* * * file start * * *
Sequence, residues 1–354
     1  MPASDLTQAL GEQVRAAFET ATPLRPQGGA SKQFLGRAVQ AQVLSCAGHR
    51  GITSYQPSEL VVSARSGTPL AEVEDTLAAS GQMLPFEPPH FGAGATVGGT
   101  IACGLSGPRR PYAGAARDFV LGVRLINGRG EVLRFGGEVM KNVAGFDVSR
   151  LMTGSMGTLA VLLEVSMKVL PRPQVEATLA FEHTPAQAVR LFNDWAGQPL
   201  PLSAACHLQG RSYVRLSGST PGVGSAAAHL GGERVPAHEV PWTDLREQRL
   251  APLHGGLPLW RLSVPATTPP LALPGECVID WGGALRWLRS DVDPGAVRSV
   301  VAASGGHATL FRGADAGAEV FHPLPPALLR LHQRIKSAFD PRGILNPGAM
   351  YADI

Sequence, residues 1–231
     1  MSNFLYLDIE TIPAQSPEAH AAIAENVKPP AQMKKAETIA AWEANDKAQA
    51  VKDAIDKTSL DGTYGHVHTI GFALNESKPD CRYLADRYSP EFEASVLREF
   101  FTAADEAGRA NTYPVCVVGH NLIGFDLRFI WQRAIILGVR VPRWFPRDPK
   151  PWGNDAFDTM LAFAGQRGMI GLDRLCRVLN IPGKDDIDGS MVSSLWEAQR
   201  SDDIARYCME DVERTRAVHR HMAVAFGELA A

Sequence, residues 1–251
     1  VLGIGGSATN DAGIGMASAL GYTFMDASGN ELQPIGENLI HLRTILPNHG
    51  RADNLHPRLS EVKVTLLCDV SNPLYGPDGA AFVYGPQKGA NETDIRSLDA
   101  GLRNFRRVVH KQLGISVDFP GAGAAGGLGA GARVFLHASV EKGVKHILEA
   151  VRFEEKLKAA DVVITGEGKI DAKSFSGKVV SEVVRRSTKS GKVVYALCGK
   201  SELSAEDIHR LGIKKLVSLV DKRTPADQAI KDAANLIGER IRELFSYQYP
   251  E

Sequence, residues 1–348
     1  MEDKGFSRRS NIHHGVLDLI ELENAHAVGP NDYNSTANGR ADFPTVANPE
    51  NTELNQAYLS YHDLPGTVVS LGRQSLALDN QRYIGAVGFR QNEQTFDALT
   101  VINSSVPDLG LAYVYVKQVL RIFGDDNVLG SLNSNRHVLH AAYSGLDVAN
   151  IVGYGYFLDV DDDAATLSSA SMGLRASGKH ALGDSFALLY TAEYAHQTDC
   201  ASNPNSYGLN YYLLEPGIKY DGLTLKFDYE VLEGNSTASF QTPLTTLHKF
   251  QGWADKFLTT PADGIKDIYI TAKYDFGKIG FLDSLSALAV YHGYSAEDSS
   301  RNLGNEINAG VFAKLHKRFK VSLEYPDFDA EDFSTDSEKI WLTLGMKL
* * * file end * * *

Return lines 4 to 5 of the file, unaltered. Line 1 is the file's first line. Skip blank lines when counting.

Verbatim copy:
   101  IACGLSGPRR PYAGAARDFV LGVRLINGRG EVLRFGGEVM KNVAGFDVSR
   151  LMTGSMGTLA VLLEVSMKVL PRPQVEATLA FEHTPAQAVR LFNDWAGQPL